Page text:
On April 8, BCH developer Jonathan Toomim revealed how far he’s come with the Xthinner block compression protocol. Toomim tested the platform between two Bitcoin ABC full nodes on the BCH main network and a 363 kB block was compressed down to 1,660 bytes, or 99.54% compression.
Xthinner Compression and CTOR in Action
The Bitcoin Cash (BCH) community is all about scaling and increasing the block size, but very adding large blocks is just one part of the equation. In the first week of September, the BCH chain processed some significantly large blocks and millions of transactions per day. However, developers noticed issues with block propagation, bottlenecks, and nodes crashing when very large blocks were processed. Last January, news.Bitcoin.com reported on Jonathan Toomim’s project Xthinner, which could help alleviate such problems in the future. Xthinner is block propagation software that leverages canonical transaction ordering (CTOR) and can compress blocks by more than 90%, if all of the transactions in the block were previously transmitted. On Monday, Toomim detailed that he’s been testing the protocol on the main network and used two Bitcoin ABC full nodes to record his data.
“A few hours ago, I fixed the last showstopping bug in my Xthinner code and got it running between two of my ABC full nodes on mainnet,” Toomim told members of r/btc. “One node serves as a bridge to the rest of the world, receiving Compact Blocks and transmitting Xthinner — The other is connected to no other nodes except this bridge.”
One Block Showed 99.54% Compression
The first block Toomim transmitted through Xthinner was BCH block 577,310 and he had a few issues transmitting a portion of the block’s transactions. Following that block, Xthinner worked on “every block since then, with no failures, and with no block taking more than 1.5 networking round trips,” Toomim explained. The developer noted that most “non-tiny block” got around 99% compression while compact blocks got roughly 96-97% compression. “Eight blocks have been complete on arrival without any missing transaction fetching (0.5 round trips), and 24 blocks have required a round trip to fetch missing transactions,” Toomim added.
Moreover, Toomim revealed that one specific block of 363 kB with 841 transactions was compressed to 1,660 bytes. According to the programmer that’s roughly a 99.54% compression or 15.79 bits/tx. “Uncoincidentally, this was also one of the largest blocks so far, with 23 minutes elapsed since the prior block,” said Toomim. The BCH developer further stated:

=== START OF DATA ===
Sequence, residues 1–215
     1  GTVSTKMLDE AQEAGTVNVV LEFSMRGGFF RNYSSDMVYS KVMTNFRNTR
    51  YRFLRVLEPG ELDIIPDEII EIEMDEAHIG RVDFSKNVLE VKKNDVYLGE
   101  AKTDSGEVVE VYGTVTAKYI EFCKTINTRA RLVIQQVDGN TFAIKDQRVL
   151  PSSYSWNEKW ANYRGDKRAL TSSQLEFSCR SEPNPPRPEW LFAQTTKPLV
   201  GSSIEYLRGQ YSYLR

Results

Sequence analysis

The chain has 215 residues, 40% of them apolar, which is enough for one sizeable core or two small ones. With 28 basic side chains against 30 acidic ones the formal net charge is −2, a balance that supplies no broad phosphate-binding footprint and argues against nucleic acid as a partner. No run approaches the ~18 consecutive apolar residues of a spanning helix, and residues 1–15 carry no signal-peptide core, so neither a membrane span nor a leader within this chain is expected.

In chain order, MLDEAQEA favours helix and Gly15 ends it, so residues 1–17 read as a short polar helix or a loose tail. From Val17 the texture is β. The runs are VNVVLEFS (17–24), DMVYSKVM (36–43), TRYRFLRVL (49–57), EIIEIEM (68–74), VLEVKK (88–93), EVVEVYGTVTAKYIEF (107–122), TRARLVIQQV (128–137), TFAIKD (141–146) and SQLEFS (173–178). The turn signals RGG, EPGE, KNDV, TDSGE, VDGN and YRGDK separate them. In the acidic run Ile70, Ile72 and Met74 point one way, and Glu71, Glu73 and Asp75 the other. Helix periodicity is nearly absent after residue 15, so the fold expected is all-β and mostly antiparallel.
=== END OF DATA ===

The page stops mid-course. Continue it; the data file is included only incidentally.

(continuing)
Bigger blocks get better compression because the header, coinbase, and checksum specification overhead is a smaller proportion of the whole, and sometimes also because the Xthinner algorithm can more consistently omit the initial bytes of the TXID.
Toomim Might Release an Alpha Version of Xthinner Soon
Bitcoin Cash enthusiasts were pleased to hear about Xthinner being tested on the main network and discussed the project throughout the day. “Wow, 99.54% compression, I’m impressed — Thank you, Jonathan, for your marvellous work and thanks lead devs for sound roadmap and CTOR/LTOR which made this possible,” one BCH supporter wrote. Toomim also detailed that he would likely be releasing an alpha version of the Xthinner protocol soon so other developers can experiment with the platform as well. He stressed that the code still has a few bugs and vulnerabilities and recommends that people don’t run the software on a node that needs to stay running. “There’s still a lot of work to be done before the code is of high enough quality to be merged into Bitcoin ABC,” the developer concluded.
What do you think about Xthinner and the possibility of 99% block compression? Let us know what you think about this project in the comments section below.
Image credits: Shutterstock, Pixabay, Jonathan Toomim, and Bitcoincash.org.
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